This series brings together contributions addressing the question of the unity versus conflict, closeness versus alienation, and convergence versus divergence entrenched in the infinite variety of collective identities illustrated by Jews in this era. The titles included investigate—each volume under its own angle—the principles, narratives, visions and commands which constitute in different places the essentials of Jewishness. As a rule, they ask whether or not one is still allowed to speak, at the beginning of this new century, of one—single and singular—Jewish People. Hence, this series is a podium for researchers of Judaism and the Jewish condition all over the world—from Israel to the United States, and from there to Argentina and Brazil as well as Russia, Ukraine or France, England and Germany. These investigations should yield an understanding of how far Judaism is still one while Jewishness is multifarious. The perspectives offered may draw from sociology and the social sciences as well as from history and the humanities in general. This series aspires to constitute a meeting point for them all. It will be of interest not only to scholars in Jewish Studies but also to anyone interested in the theory and practice of major phenomena of our time like transnational diasporas, the globalization of ethnicity, and present-day relations of religiosity and laicity which, in one way or another, are akin to the preoccupations of researchers in the field of Jewish identities.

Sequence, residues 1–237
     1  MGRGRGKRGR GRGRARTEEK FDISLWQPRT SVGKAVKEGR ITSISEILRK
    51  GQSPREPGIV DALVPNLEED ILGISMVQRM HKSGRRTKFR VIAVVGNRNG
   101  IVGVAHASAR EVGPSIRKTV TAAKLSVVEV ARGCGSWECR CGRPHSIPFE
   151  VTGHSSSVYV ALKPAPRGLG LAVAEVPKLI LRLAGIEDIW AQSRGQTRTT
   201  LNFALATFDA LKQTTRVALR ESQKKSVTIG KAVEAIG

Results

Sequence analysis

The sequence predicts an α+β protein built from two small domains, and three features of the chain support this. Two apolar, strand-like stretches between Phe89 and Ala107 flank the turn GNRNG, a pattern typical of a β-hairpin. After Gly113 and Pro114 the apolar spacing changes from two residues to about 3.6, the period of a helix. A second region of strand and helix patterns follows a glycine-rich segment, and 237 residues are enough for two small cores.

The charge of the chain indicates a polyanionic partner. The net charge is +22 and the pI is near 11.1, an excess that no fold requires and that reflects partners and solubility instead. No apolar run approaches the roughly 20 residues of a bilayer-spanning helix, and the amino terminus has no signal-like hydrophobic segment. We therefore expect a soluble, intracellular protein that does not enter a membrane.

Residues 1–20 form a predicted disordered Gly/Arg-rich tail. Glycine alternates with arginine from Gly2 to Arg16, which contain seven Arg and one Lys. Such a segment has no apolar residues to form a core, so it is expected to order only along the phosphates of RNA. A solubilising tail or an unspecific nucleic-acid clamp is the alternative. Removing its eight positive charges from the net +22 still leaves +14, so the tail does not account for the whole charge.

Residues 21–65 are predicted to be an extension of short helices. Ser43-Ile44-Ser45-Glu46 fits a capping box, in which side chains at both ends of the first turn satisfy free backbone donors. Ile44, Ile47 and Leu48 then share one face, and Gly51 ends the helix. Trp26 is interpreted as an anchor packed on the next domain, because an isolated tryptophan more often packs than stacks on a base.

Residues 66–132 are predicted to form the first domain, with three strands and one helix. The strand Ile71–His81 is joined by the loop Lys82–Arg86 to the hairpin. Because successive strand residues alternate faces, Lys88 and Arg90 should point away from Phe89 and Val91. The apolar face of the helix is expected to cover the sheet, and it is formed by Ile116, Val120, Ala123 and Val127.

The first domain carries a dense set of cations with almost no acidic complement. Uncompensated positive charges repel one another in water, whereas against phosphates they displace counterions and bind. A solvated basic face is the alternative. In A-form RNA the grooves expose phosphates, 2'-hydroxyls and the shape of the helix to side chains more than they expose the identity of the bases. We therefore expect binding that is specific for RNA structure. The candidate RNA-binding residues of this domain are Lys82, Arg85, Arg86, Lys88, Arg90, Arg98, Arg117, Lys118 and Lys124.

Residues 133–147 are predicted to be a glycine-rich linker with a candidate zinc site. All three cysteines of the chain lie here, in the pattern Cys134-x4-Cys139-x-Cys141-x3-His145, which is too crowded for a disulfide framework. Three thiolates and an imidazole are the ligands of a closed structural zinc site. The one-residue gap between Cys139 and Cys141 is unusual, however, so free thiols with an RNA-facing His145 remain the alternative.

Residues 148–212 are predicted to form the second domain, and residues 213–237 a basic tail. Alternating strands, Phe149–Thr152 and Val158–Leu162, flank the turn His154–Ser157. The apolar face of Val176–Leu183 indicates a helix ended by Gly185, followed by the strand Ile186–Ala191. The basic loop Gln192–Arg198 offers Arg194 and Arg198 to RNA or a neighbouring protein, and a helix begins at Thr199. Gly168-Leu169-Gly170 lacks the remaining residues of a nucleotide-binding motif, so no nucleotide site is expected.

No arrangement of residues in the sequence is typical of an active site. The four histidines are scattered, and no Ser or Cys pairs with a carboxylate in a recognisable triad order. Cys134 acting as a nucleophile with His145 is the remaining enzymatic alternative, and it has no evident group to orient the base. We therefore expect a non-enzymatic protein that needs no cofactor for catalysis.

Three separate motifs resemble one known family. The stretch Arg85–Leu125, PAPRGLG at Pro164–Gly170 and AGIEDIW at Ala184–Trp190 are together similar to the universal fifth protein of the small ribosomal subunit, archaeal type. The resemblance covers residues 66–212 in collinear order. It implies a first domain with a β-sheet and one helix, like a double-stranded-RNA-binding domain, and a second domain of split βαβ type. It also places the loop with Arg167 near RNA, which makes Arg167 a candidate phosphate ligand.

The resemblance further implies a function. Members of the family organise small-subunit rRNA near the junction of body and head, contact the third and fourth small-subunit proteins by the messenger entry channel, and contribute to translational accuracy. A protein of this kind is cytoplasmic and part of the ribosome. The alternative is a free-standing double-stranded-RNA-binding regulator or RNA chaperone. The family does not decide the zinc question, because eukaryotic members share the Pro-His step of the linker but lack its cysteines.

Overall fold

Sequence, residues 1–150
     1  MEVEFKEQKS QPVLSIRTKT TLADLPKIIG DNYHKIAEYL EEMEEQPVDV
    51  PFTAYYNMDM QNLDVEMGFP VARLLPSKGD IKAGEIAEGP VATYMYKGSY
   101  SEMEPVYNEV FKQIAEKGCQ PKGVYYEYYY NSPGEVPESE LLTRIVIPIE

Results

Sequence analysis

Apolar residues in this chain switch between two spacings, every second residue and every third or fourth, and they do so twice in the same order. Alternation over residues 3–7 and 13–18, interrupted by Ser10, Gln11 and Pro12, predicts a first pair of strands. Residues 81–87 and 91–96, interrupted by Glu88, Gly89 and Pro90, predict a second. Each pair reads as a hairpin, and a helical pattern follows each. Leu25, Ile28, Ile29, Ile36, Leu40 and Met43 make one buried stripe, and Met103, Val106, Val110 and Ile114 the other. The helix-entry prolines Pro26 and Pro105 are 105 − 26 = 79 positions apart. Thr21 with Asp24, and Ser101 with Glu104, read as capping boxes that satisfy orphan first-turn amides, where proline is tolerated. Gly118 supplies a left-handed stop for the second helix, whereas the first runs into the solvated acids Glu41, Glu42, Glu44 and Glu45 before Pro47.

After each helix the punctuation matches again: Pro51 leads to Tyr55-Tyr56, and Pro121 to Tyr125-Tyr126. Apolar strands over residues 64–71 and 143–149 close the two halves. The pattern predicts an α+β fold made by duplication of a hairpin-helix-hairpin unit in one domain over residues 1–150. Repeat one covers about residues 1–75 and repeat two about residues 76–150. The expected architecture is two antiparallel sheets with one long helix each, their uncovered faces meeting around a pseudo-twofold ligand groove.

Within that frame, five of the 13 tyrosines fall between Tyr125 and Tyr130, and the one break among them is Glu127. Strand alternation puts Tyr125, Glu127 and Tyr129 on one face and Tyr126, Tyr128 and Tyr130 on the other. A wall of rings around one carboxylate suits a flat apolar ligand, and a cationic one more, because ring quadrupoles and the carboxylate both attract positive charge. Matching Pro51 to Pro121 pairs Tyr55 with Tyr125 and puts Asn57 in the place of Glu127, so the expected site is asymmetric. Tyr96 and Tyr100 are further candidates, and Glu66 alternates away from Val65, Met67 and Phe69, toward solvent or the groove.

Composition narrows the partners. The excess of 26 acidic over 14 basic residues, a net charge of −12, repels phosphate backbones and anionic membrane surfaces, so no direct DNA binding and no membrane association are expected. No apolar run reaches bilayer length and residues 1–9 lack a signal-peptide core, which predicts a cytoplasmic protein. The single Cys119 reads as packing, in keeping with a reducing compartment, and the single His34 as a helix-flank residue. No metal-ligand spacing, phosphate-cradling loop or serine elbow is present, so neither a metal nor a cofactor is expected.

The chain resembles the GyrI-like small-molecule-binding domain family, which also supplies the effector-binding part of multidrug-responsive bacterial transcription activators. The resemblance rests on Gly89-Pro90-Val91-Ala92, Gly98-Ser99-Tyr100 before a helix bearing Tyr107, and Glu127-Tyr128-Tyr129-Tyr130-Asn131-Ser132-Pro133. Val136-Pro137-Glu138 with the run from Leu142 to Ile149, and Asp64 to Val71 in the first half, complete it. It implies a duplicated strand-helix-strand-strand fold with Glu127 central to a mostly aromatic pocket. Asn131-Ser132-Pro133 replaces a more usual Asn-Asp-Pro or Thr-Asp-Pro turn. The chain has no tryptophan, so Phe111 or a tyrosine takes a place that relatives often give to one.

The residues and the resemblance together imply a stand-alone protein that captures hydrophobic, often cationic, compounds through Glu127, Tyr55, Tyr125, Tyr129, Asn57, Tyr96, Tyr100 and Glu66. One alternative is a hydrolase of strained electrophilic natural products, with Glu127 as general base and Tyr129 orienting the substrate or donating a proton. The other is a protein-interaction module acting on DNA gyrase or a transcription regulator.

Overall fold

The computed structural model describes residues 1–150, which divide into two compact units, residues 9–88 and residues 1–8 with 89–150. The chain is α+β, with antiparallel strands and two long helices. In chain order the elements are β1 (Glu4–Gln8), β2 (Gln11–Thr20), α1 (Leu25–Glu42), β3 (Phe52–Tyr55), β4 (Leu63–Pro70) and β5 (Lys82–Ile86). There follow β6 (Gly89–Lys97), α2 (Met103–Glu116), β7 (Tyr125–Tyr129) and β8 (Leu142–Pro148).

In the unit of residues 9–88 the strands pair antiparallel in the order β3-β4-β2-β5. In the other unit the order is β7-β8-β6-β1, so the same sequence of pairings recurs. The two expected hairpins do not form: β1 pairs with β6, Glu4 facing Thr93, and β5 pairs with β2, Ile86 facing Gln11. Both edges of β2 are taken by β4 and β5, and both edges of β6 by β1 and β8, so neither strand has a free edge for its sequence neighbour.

The series published an average of four volumes per year over the last 5 years.